Why Do Not Churches Use Modern Spoken Languages in Their Worship?

We have received the following question from one of our readers: Why does not the Church implement the currently spoken languages that are easier for people with limited church backgrounds to understand?

To be fair, the rules of many local Orthodox churches not only permit the use of modern national languages in worship, but mandates it on a par with the old liturgical languages, and in many cases to their exclusion.

The Orthodox Church of Bulgaria uses two languages of worship simultaneously – Bulgarian for scripture readings, and Church Slavonic for the hymns. The reason is that Bulgarian translations are not available for many hymns. Whenever possible, worship is conducted in a current local language. There are still some parishes that worship in Church Slavonic. Similarly, the Serbian Orthodox Church worships in Serbian and in Church Slavonic, with Serbian being more common. In the Romanian Orthodox Church, Church Slavonic has been poorly understood by most worshippers, and hence Romanian has been the language of worship since the 18th century.

In Africa, the Orthodox Church of Alexandria stands out among most other Orthodox Churches by its use of multiple languages. It worships in ancient Greek, Arabic, English, French and over 50 ethnic languages.

Some Churches – such as the Orthodox Church of Constantinople, the Church of Greece, or the Japanese Orthodox Church worship in the now obsolete forms of local literary languages that are still understood by the faithful, such as Katharevousa (spoken in 19th and 20th century Greece), or Bungo (spoken in the 19th and 20th century in Japan).

On the question of the liturgical language, the Russian Orthodox Church is on the more conservative end. Still, it practices conducting parts of its services in modern Russian (such as readings from the Gospel and the Apostle). Some services are celebrated exclusively in modern Russian. Many Church authors from Russia (e.g. Priest Georgy Kochetov, Hegumen Soluan (Tumanov), Archimandrite Theognost (Pushkov)  are working on modern Russian translations of liturgical texts. However, complete translation of all the texts is still not on the table, due to lack of strong demand. Church Slavonic is valued for its poetic sound and is still preferred among a large part of the laity and clergy. Historically, several national variants of Church Slavonic have been used across the churches, representing its local adaptations to suit the local needs.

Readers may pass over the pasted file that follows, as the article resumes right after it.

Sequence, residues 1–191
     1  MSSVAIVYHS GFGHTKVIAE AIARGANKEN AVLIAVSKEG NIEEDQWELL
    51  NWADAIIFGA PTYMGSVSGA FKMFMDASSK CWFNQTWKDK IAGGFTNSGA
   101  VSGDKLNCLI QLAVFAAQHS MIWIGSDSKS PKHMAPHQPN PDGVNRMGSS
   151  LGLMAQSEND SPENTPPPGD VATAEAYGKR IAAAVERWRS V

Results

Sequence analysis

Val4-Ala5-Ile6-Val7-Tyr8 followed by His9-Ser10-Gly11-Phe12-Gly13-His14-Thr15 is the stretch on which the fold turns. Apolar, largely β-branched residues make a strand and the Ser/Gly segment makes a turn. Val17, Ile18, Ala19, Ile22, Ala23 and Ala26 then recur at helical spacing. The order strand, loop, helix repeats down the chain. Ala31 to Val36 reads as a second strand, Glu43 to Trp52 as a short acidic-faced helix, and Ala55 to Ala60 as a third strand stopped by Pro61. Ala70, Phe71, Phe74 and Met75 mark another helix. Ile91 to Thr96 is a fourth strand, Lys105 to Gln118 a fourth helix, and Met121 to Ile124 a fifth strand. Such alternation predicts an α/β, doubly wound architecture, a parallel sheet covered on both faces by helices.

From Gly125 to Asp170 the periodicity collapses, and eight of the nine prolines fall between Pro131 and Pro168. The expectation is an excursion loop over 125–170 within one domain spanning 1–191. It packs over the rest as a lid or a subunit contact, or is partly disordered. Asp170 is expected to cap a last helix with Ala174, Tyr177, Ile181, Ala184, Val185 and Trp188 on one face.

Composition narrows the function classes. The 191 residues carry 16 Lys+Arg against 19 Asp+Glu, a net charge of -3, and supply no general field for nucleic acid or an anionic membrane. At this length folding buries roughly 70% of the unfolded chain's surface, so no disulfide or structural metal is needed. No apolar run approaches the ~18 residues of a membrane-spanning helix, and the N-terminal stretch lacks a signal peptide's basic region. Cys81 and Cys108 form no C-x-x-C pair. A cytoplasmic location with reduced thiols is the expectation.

In general, it is not completely fair to assert that the Church is fully averse to modern languages. At Church, language is not treated as an absolute. As we read in the Gospel, “The Sabbath was made for man, not man for the Sabbath.” (Mark 2:27). Where old liturgical languages are still valued and understood by the believers, transition to the use of modern languages is not a high priority.  Where they are no longer understood, the transition to the use of modern languages is complete or is still underway. Some churches have had no history of using an old liturgical language and hence have not needed the transition.

About the author

John Malov,
Reader, theologian, member of The Catalog of Good Deeds team.

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